Tick, tick, tick–the loudness of our biological clocks can be suffocating, can’t it? Especially since many of us spend a decent part of our lives trying not to get pregnant.
It’s not necessarily a matter of not wanting children one day. It’s about waiting for the right moment instead of letting our reproductive viability control our child-bearing narrative.
We’re too busy, too poor, too indecisive, too single, and so much more. Sadly, our wants and biological imperative don’t always go hand-in-hand.
This is obvious when we consider how the average age of first-time moms is rising in many socioeconomic groups.
After we’ve finished school, started our careers, found the ideal partner, and finally, decided we were ready, what happens when perimenopause and fertility issues put up a roadblock?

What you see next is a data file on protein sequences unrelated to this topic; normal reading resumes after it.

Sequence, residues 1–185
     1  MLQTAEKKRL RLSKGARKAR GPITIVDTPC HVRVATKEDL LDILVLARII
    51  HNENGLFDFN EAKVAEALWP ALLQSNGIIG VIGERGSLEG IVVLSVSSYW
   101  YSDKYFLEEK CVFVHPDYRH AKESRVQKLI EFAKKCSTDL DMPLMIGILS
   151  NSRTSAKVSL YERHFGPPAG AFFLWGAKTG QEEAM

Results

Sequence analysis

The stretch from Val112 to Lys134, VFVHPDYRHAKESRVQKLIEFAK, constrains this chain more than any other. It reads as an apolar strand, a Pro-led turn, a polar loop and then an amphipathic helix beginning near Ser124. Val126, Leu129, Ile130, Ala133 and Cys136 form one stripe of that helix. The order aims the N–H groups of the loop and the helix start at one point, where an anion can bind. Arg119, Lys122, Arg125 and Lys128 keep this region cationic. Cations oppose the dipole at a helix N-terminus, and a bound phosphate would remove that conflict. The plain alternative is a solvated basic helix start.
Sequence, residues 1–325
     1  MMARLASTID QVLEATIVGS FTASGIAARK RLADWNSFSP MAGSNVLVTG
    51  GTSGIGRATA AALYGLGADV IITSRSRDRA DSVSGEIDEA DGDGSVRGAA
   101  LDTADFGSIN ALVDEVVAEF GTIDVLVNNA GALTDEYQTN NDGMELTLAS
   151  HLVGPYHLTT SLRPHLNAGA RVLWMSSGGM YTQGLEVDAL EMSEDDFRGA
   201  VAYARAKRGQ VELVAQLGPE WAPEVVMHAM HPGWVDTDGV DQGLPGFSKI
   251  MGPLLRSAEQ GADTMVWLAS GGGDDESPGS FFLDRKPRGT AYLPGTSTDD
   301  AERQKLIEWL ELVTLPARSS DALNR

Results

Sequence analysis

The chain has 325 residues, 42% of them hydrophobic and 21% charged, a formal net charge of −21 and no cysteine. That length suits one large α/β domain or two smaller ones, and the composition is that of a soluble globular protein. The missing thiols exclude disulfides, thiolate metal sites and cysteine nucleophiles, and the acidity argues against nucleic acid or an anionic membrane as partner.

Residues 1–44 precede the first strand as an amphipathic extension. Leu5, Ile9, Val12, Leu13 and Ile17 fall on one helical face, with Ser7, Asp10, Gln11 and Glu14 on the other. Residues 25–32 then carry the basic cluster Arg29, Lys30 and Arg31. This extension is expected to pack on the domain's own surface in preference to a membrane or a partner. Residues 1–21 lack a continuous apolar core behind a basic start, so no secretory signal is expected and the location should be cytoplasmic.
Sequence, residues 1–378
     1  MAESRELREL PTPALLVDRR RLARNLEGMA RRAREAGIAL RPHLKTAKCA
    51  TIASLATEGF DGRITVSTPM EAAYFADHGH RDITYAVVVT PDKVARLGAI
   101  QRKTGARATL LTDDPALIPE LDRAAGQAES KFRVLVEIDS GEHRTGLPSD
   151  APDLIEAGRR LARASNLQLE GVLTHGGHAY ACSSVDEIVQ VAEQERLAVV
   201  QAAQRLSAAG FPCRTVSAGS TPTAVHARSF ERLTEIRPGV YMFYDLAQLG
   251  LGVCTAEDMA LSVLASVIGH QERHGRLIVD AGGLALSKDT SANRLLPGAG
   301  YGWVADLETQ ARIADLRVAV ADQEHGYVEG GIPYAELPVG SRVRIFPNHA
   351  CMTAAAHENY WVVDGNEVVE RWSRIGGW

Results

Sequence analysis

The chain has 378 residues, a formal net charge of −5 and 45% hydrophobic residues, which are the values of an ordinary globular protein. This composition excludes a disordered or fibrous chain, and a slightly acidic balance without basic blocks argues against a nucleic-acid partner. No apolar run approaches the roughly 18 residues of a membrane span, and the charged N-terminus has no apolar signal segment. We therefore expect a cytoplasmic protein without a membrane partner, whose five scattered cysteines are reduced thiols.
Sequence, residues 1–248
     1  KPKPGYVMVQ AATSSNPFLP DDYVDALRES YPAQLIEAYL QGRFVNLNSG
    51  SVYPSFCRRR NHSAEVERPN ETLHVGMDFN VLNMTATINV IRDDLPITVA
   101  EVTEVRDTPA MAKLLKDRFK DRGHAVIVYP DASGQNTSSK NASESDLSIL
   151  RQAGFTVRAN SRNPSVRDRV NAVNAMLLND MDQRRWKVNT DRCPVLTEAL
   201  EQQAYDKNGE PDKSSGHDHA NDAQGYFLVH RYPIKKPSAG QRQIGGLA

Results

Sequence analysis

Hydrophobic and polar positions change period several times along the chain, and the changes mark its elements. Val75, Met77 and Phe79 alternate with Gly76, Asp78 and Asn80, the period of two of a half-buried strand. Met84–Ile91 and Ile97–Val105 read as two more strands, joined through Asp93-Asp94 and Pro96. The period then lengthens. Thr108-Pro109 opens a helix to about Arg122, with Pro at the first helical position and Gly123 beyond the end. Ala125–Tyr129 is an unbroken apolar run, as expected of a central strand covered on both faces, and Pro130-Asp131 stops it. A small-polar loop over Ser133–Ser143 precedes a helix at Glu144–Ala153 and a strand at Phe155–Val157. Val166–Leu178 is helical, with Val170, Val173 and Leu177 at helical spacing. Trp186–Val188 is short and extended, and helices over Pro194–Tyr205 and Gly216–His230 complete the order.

Most of us have heard our “elders” wax poetic about the insufferability of menopause, but not all of us even know that perimenopause is a “thing.”
I know I didn’t for the longest time.
I assumed that as long as I was having a period, my fertility remained intact and the metaphorical countdown clock on my reproductive organs still contained plenty of moments for the future.
While getting pregnant during perimenopause is an option, it helps to educate yourself on what’s happening during this timeframe.
If you’re over 40 and want to have a baby, let me say this straightaway–there ARE opportunities to start the family of your dreams. With a little time, effort, and maybe some science, there’s a great chance you can still become a parent.